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Astronomical Data Analysis Software and Systems VII
ASP Conference Series, Vol. 145, 1998
Editors: R. Albrecht, R. N. Hook and H. A. Bushouse

REMOT: A Design for Multiple Site Remote Observing

P. Linde
Lund Observatory, Box 43, SE-221 00 Lund, Sweden, Email:

F. Pasian and M. Pucillo
Osservatorio Astronomico, Via G.B.Tiepolo 11, I 34131 Trieste, Italy , Email: {pasian,pucillo}

J. D. Ponz
ESA Villafranca P. O. Box 50727, 28080 Madrid, Spain,



The REMOT project objective is to develop and validate a generic approach to allow remote control of scientific experiments and facilities that require real time operation and multimedia information feedback. The project is funded through the European Union Telematics initiative and is a collaboration, involving representatives from both the astro- and plasma physics communities. Standard communications infrastructure and software solutions will be used wherever possible. In the first step, requirements have been collected and analysed, resulting in a set of service definitions. These have been partly implemented to perform a set of demonstrations, showing the feasibility of the design.


1. Introduction

As a response to the increasing need for remote control of large scientific installations, the REMOT (Remote Experiment MOnitoring and conTrol) project was initiated in 1995. The final goal of the project is to develop and validate a generic approach to allow real time operation and multimedia information feedback, using communications infrastructure available to European researchers.

Funded through the European Union Telematics Organisation, the project involves representatives from the astro- and plasma physics communities and from several teleoperation and software design institutes and companies. The partners from the astrophysical community include OAT (Italy), IAC (Spain), LAEFF (Spain), Nordic Optical Telescope and CDS (France).

2. Requirements and Operational Scenario

The design of the generic system and communications architecture started by creating a large database of user requirements, collected from each participating partner. The requirements were derived from the following operational scenario:

3. Services Provided

The services that REMOT will provide can be roughly divided into four categories:

4. Implementation of Services

Analysis of the collected database of requirements resulted in a set of service definitions. These services will be implemented by using two different conceptual planes (see Figure 1). These are (1) the System Plane, supporting Quality of Service (QoS), (2) the Management Plane, supporting reliable communications. Operational services will be performed in the System Plane and managed over the Management Plane, while auxiliary services will be supported over the Management Plane.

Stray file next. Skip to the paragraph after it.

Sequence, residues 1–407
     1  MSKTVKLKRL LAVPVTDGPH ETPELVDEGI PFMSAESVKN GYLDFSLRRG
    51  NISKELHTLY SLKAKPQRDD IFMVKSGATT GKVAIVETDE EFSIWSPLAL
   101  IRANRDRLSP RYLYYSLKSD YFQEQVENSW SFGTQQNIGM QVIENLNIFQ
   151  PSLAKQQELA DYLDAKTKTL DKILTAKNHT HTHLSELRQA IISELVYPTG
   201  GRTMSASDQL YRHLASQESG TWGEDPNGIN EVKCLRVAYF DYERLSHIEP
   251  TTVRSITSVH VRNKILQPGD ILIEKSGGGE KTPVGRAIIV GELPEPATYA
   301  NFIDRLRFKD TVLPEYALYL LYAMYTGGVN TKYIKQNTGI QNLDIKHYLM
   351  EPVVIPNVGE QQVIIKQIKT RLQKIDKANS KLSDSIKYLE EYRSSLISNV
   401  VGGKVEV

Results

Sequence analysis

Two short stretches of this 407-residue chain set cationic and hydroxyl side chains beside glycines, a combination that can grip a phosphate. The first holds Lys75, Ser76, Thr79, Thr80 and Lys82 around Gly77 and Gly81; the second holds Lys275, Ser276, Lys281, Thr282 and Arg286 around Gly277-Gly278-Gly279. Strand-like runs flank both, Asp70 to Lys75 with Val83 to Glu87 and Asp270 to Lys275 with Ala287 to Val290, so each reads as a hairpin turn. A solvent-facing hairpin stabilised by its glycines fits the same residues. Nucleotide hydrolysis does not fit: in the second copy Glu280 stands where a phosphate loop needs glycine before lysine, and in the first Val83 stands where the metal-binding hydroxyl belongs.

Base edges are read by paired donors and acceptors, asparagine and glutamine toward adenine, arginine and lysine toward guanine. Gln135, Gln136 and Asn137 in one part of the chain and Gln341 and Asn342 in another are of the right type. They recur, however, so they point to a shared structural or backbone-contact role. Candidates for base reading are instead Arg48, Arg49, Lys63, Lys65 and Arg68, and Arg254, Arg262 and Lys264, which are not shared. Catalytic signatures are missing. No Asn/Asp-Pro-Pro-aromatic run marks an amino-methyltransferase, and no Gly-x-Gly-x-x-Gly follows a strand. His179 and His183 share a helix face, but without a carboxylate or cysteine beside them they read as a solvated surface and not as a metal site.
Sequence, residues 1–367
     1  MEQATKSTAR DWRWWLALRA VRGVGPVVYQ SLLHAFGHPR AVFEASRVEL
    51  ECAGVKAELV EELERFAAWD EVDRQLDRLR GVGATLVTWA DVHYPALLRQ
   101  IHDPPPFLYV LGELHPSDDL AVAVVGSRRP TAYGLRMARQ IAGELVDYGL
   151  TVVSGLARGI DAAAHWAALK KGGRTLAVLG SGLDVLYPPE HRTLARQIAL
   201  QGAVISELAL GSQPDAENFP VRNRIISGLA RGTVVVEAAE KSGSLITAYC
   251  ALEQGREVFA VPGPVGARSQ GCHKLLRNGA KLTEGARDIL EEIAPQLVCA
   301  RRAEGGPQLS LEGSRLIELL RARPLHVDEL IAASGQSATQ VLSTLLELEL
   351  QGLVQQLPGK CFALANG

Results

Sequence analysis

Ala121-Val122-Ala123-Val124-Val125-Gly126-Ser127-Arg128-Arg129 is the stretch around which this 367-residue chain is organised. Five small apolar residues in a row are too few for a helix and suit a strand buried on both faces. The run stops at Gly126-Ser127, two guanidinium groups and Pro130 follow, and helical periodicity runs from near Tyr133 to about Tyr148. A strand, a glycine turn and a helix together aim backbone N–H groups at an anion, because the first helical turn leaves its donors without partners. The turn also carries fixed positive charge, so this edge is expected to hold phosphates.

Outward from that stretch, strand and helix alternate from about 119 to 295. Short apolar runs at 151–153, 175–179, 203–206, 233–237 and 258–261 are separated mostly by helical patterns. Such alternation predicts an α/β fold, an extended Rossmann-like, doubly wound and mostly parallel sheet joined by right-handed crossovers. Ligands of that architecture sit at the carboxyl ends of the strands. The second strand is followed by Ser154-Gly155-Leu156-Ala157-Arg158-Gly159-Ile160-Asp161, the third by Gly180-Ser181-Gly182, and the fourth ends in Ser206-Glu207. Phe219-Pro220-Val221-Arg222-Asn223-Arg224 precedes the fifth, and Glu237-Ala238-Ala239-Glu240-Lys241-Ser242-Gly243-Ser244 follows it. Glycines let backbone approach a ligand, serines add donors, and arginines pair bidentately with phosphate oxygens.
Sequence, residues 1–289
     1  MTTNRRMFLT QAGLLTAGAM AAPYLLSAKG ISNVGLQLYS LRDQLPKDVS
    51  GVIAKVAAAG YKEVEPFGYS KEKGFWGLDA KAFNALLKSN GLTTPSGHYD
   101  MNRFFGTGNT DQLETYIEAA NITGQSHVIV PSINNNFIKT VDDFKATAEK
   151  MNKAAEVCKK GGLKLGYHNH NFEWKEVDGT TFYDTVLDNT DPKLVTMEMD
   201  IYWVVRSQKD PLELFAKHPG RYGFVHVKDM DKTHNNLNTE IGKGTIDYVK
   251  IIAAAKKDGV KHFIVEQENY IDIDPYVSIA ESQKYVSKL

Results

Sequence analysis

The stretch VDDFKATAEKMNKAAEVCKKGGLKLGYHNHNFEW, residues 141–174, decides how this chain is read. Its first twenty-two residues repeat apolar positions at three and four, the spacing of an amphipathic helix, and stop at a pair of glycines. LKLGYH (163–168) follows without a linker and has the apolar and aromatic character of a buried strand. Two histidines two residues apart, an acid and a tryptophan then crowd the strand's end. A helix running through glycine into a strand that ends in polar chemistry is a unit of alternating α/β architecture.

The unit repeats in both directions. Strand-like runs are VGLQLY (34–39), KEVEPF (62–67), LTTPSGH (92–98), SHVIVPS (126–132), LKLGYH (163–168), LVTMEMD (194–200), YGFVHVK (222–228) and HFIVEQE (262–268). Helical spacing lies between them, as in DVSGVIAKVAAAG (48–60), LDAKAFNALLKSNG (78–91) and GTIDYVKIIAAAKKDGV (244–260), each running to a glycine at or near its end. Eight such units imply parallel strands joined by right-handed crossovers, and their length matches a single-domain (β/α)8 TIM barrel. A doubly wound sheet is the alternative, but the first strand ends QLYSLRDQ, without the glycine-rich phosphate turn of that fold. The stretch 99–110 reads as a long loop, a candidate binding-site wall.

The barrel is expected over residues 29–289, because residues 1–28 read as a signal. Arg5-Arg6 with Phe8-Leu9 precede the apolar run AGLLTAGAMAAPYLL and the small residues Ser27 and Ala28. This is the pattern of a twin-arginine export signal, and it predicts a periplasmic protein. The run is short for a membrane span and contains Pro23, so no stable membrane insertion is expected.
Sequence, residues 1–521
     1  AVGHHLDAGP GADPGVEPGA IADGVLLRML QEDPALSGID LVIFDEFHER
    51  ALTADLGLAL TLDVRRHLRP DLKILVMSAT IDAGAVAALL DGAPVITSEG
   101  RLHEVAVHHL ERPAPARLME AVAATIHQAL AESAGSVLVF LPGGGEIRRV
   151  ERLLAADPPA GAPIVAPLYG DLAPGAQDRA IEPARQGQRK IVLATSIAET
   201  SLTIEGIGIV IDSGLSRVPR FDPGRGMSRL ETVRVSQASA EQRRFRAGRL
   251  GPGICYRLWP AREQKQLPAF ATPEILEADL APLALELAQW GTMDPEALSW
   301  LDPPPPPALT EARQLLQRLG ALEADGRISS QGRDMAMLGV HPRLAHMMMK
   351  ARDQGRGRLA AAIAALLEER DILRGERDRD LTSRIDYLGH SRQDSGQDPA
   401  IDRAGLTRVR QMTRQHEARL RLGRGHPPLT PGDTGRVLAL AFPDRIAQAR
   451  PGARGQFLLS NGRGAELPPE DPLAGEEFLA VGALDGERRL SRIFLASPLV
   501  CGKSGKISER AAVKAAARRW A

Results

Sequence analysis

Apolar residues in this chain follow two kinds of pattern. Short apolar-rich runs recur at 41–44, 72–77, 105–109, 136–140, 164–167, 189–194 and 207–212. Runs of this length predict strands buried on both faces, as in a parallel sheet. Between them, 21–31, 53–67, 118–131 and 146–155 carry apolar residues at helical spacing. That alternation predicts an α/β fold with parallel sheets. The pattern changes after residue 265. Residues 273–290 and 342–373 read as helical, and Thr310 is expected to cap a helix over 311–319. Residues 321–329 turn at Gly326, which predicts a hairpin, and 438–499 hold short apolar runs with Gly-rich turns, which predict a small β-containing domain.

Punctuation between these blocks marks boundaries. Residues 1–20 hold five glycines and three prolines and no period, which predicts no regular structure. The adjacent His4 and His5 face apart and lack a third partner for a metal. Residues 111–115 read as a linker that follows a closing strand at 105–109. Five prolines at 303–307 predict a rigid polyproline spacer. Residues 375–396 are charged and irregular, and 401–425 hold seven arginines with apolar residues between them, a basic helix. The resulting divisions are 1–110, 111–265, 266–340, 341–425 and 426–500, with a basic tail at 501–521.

Figure 1: The architecture of the REMOT system. The observer's application is interfaced to a CORBA client and, through the Object Request Broker (ORB) mechanism, communicates with the Telescope and Instruments application. A Communications Manager arbitrates if the communication is to take place through the standard IP-based channel (IIOP), through a bridge supporting Quality of Service (QoS), or using directly the transport services.

For the communications architecture we use a CORBA compliant mechanism: the Management Plane is implemented by using CORBA and its IP-based layer (IIOP) directly. When QoS is required (System Plane), a bridging mechanism bypassing IIOP can be used, or alternatively there is the possibility of using the transport services directly. The presence of a Communications Manager to arbitrate communication resources is necessary in both cases.

5. An Example: The Galileo telescope (TNG)

Galileo's high-level control system is based on a distributed computer architecture in which both the code and the data are shared by all the workstations supporting the systems (Pucillo 1994). Remote control is implicitly embedded in the design, since the control workstation can either be located or be connected via a bridge or a router.

REMOT improves this remote access philosophy since, besides using a common user interface for different telescopes, it does not require TNG-specific hardware, but will allow remote observations to be run ``at the astronomer's own desk", on a simple PC.

Integrating the control system of the Galileo telescope in the REMOT project is simple:

The software interface between the control system and REMOT consists of an ancillary process running under the same environment. This process is also responsible for retrieving from the TNG on-line database the updated status of the system, and for downloading observational data in original (FITS) or compressed (quick-look) format to the remote user.

6. Project Status and Future Activities

A prototype of the complete system is under development, including the basic services. Since REMOT is limited in scope, only a subset of the design will be currently implemented. This will, however, allow a practical demonstration to be performed using the new Galileo telescope located at La Palma and the IAC 80 cm telescope located on Tenerife.

REMOT will be extended in a continuation project DYNACORE, where a complete implementation is targeted. The design will then be upgraded to include real time access to data bases, flexible scheduling and dynamic reconfiguration. Additional information on the project can be found at


Pucillo, M. 1994, Handling and Archiving Data from Ground-Based Telescopes, M.Albrecht & F.Pasian eds., ESO Conferences and Workshop Proceedings, Vol. no. 50, 77

© Copyright 1998 Astronomical Society of the Pacific, 390 Ashton Avenue, San Francisco, California 94112, USA

Next: The Distributed Analysis System Hierarchy (DASH) for the SUBARU Telescope
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